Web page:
Australian Researcher Honored for Discovery That May Lead to Anti-Inflammatory Therapy

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by Patricia Silva, PhD |

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Dr. Rebecca Coll, a young researcher at the University of Queensland Institute of Molecular Bioscience, won the 2016 Research Australia Discovery Award for her work in identifying promising anti-inflammatory compounds that are able to block the NLRP3 inflammasome — a key driver of inflammation. The discovery could greatly benefit patients with inflammatory diseases, such as multiple sclerosis (MS).

Rebecca Coll

Rebecca Coll, with the Institute of Molecular Bioscience at the University of Queensland. (Credit: University of Queensland)

Coll, who received the award at the Research Australia Health and Medical Research Awards ceremony, recently held in Sydney, led research into the biological characterization of a small molecule drug — called MCC950 — that inhibits the NLRP3 inflammasome and, possibly, its disease-causing inflammation.

“Uncontrolled inflammation contributes to the progression of many diseases including diabetes, arthritis, cancer, multiple sclerosis and neurodegenerative diseases such as Alzheimer’s and Parkinson’s,” Coll said in a news release. “We believe the NLRP3 inflammasome could be a fundamental factor driving the damaging inflammation associated with these diseases.”

Inflammasomes are cytosolic sensors that detect pathogens and danger signals. The NLRP3 inflammasome is known to be involved in the development of diseases such as MS, in which inflammation occurs when the body’s own immune cells attack the nervous system. In this context, drugs that are able to block the NLRP3 inflammasome might be a potential target against MS and other inflammatory diseases.

Coll and her colleagues at Queensland and Trinity College Dublin combine research with drug discovery and development — biology with chemistry — to better understand inflammation at the molecular and cellular levels.

“There are no drugs clinically available that specifically target NLRP3, which means our work is an important advance towards identifying a first-in-class therapy for patients living with inflammatory diseases,” Coll said. “I am absolutely thrilled to receive this award and feel that it recognises our fantastic collaboration between chemistry and biology which has driven this innovative research.”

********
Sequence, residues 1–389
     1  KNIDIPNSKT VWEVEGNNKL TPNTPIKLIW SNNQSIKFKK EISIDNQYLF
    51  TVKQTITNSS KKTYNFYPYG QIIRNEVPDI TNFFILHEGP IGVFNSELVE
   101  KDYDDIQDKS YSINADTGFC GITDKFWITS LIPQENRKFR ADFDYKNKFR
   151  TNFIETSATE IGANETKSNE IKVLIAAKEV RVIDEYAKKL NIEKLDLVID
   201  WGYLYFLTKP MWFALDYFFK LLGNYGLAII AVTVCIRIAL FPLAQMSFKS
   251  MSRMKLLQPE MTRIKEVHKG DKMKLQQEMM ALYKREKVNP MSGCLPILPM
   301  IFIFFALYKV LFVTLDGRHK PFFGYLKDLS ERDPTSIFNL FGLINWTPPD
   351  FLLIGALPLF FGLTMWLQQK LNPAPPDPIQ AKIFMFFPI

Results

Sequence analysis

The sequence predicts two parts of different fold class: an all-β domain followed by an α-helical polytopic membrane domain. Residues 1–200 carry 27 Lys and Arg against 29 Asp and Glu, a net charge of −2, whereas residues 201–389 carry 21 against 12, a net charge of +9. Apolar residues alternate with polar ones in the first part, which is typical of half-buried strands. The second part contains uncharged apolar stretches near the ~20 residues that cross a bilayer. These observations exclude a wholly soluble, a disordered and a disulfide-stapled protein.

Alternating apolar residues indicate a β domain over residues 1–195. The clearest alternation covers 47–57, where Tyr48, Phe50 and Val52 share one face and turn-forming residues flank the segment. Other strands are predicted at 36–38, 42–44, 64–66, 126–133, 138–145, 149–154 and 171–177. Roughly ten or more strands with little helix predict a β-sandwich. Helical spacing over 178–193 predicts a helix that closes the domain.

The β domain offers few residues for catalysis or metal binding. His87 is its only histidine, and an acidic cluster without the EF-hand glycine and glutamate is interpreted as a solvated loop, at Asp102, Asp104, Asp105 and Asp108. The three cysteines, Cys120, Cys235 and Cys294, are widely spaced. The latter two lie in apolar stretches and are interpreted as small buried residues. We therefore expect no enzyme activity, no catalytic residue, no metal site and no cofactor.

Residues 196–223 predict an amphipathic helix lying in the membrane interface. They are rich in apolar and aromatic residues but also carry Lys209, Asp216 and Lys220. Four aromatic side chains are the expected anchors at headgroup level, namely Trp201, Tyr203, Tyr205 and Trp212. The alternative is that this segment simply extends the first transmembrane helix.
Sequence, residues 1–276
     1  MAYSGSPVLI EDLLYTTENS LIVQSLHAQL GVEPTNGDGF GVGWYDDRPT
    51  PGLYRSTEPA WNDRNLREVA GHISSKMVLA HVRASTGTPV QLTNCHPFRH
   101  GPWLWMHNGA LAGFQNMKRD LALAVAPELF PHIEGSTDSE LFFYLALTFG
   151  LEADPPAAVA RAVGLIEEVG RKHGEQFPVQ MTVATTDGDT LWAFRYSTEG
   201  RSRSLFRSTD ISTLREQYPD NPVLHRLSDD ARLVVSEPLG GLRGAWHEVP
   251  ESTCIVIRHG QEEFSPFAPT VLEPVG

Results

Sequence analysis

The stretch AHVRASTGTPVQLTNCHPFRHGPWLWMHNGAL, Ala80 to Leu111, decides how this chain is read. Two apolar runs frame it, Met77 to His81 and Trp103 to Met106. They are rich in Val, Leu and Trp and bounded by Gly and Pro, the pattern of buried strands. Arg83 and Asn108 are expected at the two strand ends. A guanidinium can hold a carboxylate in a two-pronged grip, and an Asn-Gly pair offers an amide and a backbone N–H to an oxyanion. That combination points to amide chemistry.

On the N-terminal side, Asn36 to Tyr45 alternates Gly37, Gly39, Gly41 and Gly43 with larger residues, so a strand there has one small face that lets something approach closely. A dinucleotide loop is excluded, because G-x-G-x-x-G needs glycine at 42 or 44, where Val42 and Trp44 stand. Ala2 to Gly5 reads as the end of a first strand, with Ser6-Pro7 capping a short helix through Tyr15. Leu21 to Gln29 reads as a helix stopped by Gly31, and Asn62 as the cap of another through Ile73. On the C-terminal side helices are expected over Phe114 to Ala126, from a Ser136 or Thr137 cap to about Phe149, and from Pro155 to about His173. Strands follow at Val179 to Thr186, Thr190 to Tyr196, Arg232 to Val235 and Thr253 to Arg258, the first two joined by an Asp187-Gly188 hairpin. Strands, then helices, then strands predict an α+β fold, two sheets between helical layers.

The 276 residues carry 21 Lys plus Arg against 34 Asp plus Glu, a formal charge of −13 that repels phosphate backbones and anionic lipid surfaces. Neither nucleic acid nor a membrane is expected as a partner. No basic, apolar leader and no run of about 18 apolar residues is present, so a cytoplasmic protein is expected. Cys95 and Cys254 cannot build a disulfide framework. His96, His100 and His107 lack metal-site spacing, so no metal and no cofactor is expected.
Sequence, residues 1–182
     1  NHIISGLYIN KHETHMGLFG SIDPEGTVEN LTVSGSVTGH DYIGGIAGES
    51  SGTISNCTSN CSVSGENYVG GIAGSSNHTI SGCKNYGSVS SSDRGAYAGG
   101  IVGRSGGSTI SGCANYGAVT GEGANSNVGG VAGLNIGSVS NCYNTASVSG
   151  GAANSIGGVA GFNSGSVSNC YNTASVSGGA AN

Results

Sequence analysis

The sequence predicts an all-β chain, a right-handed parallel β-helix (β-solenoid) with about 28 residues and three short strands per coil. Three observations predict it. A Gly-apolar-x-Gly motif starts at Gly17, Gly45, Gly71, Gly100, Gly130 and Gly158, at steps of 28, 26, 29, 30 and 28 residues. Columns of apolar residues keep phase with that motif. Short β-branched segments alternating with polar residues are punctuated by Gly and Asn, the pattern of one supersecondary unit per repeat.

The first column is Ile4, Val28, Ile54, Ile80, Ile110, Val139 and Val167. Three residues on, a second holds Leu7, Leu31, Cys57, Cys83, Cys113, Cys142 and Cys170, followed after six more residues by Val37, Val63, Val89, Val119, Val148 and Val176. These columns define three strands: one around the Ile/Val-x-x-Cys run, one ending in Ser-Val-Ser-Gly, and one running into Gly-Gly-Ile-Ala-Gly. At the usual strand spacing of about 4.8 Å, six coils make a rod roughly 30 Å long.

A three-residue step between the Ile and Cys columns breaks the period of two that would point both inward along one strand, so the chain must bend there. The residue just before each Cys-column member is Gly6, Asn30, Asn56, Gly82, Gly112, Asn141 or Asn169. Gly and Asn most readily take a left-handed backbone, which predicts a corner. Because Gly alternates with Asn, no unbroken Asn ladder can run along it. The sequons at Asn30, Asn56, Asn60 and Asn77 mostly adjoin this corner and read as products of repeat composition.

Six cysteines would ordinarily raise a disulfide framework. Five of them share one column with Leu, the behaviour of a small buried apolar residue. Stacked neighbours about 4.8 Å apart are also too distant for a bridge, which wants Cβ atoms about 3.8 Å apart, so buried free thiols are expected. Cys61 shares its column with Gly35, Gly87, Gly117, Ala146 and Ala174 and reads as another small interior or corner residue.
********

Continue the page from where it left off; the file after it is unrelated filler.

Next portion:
Nadia Levin, CEO of Research Australia, said it was a privilege to distinguish Coll for her pioneering work.

“The potential implications of Dr Coll’s discovery for those living with these diseases are really quite exciting,” Levin said. “As the winner of our award dedicated to young researchers only five years out from their PhD, Dr Coll has certainly set herself up as ‘one to watch’. Research Australia is extremely proud to recognise Dr Coll for her work and we look forward to following the progress of this important area of research as it progresses towards the patient.”

A study on these efforts, “A small-molecule inhibitor of  the NLRP3 inflammasome for the treatment of inflammatory diseases,” was published in Nature Medicine in February 2015, with Coll as the study’s first author. It details “the development of MCC950, a potent, selective, small-molecule inhibitor of NLRP3. … [an inflammasome whose] aberrant activation is pathogenic in inherited disorders … and [in] complex diseases such as multiple sclerosis.”

A company founded on the discovery, which is seeking patent protection, also recently raised $22 million (Australian) in a Series A financing round.

More information about Coll’s work can be found on the video below.

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